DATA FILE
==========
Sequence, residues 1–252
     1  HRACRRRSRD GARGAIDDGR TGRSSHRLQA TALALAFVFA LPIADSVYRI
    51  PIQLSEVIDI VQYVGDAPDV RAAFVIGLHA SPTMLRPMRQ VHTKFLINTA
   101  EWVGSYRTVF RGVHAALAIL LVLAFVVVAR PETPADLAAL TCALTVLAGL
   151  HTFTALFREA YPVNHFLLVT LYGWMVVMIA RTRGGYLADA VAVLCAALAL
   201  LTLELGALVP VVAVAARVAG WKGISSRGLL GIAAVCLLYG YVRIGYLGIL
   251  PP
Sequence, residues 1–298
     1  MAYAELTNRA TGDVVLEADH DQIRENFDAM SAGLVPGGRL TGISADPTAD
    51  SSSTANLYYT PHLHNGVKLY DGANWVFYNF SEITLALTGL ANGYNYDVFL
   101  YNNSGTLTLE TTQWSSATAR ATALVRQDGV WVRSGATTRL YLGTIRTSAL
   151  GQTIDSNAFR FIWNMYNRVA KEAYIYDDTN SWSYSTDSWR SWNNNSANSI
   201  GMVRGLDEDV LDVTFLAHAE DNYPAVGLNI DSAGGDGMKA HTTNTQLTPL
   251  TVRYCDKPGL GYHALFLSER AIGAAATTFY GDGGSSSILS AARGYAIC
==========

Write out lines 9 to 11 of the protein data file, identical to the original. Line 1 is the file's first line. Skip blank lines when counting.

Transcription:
     1  MAYAELTNRA TGDVVLEADH DQIRENFDAM SAGLVPGGRL TGISADPTAD
    51  SSSTANLYYT PHLHNGVKLY DGANWVFYNF SEITLALTGL ANGYNYDVFL
   101  YNNSGTLTLE TTQWSSATAR ATALVRQDGV WVRSGATTRL YLGTIRTSAL